The Changing American City: Part 1

Spurred by population growth, the United States is about to begin an unprecedented era of city-building. Over the next 50 years the U.S. will have to build 70 million new houses, according to Enrique Penalosa, a thought leader in smart urban planning and transportation systems who recently authored an article on the future of the American city in Urban Land magazine – but where, how? Will we continue to be influenced by the trends of the 20th century or create a new type of American city?

During the 20th century, the suburb became the predominant mode of living as people left cities en masse, particularly after World War II. This trend reached its tipping point in the 1990s with the creation of ‘drive til you qualify’ exurbs built on the premise of cheap land and transportation costs. Recently, the pendulum has begun to swing back in the opposite direction; there is a generational shift that has seen young people as well as empty nesters moving closer to urban centers.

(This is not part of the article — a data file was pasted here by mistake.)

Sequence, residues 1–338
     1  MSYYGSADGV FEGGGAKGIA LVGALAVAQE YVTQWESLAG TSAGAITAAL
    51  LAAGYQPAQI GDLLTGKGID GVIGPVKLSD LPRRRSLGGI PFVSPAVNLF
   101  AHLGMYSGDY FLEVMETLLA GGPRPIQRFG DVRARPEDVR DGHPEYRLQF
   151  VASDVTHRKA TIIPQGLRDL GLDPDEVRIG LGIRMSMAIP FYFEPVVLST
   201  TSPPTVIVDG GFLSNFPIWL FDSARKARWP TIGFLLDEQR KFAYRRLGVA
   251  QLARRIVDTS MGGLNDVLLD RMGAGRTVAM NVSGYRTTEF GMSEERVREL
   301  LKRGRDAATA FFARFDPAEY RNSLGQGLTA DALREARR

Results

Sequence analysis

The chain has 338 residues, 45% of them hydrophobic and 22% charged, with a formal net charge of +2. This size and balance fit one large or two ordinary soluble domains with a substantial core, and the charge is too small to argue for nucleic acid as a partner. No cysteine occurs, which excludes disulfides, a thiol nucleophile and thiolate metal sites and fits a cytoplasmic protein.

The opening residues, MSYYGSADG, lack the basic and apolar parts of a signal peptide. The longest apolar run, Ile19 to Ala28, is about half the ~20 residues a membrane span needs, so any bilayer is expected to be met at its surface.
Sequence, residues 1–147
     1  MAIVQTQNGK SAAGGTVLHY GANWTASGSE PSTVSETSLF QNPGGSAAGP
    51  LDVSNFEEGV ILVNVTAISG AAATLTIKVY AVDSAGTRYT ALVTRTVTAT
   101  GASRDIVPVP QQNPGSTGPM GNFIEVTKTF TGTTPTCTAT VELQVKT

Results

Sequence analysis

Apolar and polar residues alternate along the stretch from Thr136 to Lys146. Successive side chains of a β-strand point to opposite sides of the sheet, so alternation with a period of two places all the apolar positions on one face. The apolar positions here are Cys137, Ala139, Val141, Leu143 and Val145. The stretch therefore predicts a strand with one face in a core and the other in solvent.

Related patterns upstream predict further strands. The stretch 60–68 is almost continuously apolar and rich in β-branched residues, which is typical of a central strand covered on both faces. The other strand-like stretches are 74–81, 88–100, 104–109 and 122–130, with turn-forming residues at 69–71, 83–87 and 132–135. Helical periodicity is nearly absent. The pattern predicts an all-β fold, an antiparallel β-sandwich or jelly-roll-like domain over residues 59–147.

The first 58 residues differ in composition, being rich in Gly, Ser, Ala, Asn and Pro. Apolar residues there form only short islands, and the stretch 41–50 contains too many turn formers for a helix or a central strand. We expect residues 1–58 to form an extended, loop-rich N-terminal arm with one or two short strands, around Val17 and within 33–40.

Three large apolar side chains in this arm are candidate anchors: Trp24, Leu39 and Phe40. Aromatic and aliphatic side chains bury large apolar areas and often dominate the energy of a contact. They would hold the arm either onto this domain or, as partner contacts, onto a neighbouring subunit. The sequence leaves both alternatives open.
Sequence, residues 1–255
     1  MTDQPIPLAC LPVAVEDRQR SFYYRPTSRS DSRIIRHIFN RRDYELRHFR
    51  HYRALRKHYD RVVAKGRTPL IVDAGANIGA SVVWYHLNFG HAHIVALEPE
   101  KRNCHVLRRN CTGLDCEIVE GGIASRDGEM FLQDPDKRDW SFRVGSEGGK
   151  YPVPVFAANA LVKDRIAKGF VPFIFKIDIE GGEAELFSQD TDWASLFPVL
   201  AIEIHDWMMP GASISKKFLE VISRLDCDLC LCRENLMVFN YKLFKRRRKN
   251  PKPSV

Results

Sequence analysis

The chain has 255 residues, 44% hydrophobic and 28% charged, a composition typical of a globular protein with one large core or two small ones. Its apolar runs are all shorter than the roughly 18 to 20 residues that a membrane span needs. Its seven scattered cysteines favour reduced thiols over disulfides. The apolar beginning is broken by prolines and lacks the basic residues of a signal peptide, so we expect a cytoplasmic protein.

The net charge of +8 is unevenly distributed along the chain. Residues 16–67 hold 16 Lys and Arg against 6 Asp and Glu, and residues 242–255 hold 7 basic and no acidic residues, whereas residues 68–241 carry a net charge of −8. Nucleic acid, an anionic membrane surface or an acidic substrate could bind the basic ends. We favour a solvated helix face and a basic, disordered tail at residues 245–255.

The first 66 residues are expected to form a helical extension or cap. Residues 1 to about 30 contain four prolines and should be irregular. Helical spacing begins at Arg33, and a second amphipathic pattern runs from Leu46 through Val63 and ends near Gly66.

I think what is really important about this trend is not that it simply reflects a change in where we live, but also a change in values. Much as the suburbs of the latter half of the 20th century were seen by many as a place to live out the ‘American Dream’ of home ownership and a safe place to raise a family, cities are no longer viewed as simply ‘places’, but as a means to a way of life. “The kind of urban structures created over the next few decades will have profound consequences in terms of quality of life, environmental sustainability, economic well-being, and even happiness,” Penalosa writes. From ancient Greece to the Renaissance period in Florence, and Detroit of the late 19th century (to name just a few examples) cities have always been incubators for growth, and studies have shown that even in an age where technology makes telecommuting and working from practically anywhere possible, people prefer to live and work around other people in, well, interesting places.

What this means is that there is a very good chance that the built environment of the United States will look vastly different in 50 years. Architects have long had a tradition of involvement in shaping cities, from Hippodamus’ plan for Miletus, to Daniel Burnham’s Chicago and Le Corbusier’s Plan Voisin. Building the next generation of American cities is an extremely exciting and unique opportunity for this generation of architects, and in Part 2 of this series I will take a look at some of the ways architects can take advantage of this opportunity.